“It’s jarring to see Trump’s letter invoke many of the data points that were publicly available in December and January to which he continued to turn a blind eye long after the WHO started sounding the alarm about the impending pandemic,” said Ned Price, a former CIA analyst and a spokesman for the National Security Council under President Barack Obama. “You don’t have to believe the WHO’s response was perfect ― it wasn’t, of course ― to find fault with Trump’s deeply flawed approach, which essentially amounted to empty praise of Beijing until his sudden 180, after which he’s offered nothing but blame.”
Trump repeatedly criticized Democrats in Congress, mayors and governors, the news media and Obama for the pandemic, even as he continued to praise Xi for his actions to contain the disease ― despite the facts that Xi did not contain the disease and that his cover-up efforts hastened its spread around the world. On April 7, Trump accused the WHO of failing to warn the world about the threat, but then explicitly stated why he had praised Xi for being “transparent” when he had not been.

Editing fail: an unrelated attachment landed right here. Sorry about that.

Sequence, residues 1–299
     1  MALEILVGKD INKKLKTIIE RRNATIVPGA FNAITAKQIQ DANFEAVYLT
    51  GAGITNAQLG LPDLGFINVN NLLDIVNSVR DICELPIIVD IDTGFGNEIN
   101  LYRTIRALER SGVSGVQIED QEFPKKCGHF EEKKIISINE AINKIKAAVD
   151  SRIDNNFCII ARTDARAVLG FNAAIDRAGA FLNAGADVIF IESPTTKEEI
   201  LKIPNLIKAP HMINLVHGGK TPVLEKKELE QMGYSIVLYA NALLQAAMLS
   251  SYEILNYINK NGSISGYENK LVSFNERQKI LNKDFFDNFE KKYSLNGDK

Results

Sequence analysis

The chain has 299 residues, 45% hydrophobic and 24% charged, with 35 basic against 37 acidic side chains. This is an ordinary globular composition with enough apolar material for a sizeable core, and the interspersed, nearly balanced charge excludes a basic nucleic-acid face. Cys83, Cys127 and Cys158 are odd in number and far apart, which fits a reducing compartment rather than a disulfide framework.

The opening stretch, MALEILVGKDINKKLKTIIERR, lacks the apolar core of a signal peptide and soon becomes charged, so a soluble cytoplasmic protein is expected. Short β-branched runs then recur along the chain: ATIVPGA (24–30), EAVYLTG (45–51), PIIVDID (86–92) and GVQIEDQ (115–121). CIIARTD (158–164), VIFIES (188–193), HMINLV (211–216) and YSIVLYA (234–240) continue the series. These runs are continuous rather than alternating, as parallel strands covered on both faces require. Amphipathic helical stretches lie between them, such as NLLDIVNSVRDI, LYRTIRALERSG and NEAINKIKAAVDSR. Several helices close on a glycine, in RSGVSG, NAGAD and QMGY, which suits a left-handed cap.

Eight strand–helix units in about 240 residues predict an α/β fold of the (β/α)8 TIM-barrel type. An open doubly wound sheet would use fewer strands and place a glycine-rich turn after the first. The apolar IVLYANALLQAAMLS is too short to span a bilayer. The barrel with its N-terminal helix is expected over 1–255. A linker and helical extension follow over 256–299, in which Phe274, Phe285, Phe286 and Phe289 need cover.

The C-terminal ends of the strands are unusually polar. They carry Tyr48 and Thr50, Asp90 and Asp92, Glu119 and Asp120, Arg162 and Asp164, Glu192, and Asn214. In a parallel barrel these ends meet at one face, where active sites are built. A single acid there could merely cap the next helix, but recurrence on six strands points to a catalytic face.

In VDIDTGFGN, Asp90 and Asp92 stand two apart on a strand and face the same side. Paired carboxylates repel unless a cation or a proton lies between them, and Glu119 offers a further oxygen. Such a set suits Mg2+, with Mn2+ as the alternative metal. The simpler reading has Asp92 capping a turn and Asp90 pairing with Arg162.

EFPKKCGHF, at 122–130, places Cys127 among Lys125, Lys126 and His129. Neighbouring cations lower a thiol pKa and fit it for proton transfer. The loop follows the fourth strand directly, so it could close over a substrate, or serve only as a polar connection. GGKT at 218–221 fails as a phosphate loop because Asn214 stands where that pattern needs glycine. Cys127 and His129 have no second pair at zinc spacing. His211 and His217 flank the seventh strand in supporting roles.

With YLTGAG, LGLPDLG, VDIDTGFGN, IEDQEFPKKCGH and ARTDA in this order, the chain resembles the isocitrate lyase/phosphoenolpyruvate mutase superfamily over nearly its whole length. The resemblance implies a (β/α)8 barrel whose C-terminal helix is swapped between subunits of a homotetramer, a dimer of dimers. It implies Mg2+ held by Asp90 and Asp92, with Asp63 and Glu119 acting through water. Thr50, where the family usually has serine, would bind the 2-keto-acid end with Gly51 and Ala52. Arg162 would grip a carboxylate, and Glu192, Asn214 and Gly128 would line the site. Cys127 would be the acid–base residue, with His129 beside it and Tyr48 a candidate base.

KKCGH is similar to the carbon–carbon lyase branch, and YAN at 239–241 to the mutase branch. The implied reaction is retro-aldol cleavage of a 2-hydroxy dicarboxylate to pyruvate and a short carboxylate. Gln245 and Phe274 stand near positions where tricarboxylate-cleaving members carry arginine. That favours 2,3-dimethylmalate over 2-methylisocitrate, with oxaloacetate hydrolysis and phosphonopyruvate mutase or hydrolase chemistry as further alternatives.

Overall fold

“Well, I did a trade deal with China, where China is supposed to be spending $250 billion in our country,” Trump told reporters, in an explanation he has repeated frequently.
If that deal was the reason for treating China with kid gloves, though, it may already be for naught. The accord is not a traditional free trade agreement, but more of a partial unwinding of Trump’s trade war with China in return for its promise to buy certain quantities of exports from the U.S.
The pandemic’s damage to the economies of both China and the United States has already put that promise in doubt, trade experts said. If China doesn’t buy the promised goods, it is unclear what recourse Trump will have, other than reimposing high tariffs, which would further hurt American manufacturers, who rely on materials from China, and U.S. consumers, who would face higher prices in stores.